The court commends counsel for not wasting its time by challenging what was obvious. The conviction of the first appellant was above board. It is, accordingly, confirmed. He did not challenge the sentence which was imposed upon him. The sentence remains undisturbed.
The second appellant challenged the trial court’s conclusion. He said it erroneously concluded that he stole the complaints’ gold. He stated that he did not have the requisite mental state to commit the offence. He submitted that the first appellant exonerated him. He said the first appellant did not disclose to him what the transaction between the complainants and him was all about.
The respondent maintained a contrary view. It stated that the circumstances of the case showed that the second appellant connived with the first appellant to steal the complainants’ gold. It submitted that the second appellant’s assertion which was to the effect that he allowed the first appellant to hold a meeting at his house with strangers did not make sense. It stated that the directive which the second appellant issued to his security guard to pretend that the first appellant and the guard were known to each other was not for no reason.
The court a quo found, as a fact, that it was at the second appellant’s home that the first appellant disappeared with the complainants’ gold. It was not in dispute that the complainants had, on 8 March 2012, met and discussed with the first appellant. The subject matter of their discussion differed. The complainants said they requested the first appellant to smelt their gold. The first appellant said the complainants offered to sell the gold to him. It is mentioned in passing that the three of them agreed to meet on the following day.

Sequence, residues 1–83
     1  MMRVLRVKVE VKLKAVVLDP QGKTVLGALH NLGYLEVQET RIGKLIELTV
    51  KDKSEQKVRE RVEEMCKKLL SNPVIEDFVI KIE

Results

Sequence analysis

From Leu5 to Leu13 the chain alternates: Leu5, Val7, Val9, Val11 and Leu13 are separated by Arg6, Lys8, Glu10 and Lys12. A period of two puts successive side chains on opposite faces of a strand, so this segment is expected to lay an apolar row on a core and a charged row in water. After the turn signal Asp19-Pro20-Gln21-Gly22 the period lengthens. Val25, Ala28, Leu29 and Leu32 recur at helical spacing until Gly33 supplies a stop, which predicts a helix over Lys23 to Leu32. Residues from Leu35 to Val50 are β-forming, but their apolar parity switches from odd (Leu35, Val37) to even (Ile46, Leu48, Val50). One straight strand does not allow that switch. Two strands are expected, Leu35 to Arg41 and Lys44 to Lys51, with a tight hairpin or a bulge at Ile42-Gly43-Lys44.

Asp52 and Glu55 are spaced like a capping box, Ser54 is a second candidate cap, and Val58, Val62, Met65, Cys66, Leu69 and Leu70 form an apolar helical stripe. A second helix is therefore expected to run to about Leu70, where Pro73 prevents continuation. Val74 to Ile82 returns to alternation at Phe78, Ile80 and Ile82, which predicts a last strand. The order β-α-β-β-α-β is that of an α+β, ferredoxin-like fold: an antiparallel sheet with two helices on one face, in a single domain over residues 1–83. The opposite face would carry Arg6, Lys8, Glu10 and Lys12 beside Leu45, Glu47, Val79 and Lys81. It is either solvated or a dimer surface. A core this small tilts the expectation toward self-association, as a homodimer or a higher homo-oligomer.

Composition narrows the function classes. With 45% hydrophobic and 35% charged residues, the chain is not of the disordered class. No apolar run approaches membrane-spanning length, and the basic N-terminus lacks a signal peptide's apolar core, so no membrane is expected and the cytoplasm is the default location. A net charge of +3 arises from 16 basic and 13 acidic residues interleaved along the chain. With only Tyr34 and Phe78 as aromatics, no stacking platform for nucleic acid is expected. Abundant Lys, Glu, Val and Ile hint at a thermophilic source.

The circumstances which prompted the complainants and the first appellant to go to the second appellant’s home are pertinent. The complainants’ testimony on that matter was that, at about 10 am of 9 March 2012, the first appellant phoned and asked them to meet him at Sam Levy’s Village in Borrowdale. The three of them met at the mentioned place. The first appellant left his motor vehicle, a Mark II, at Sam Levy’s Village and jumped into the complaints’ car. He directed the driver of the car to drive to the second appellant’s home. As they drove, he talked to the second appellant on his mobile. The mobile was on a loud speaker and they were, therefore, able to hear the conversation which was taking place between the first and the second appellants. When they were close to their destination, the first appellant phoned the second appellant telling him that he had brought the complainants. The second appellant told him that he (second appellant) had instructed the security guard to open the gate for them. At the gate of the second appellants home, the driver of the motor vehicle hooted once and the gate was opened. The security guard greeted the first appellant by his name. Within the second appellant’s premises, the first appellant phoned and advised the second appellant that he (first appellant) had come with the women who wanted their gold smelted. The second appellant allowed them into his house. When they were in the house, the first appellant asked them to give him the gold which he said he would smelt outside. They handed the gold to him and he disappeared with it.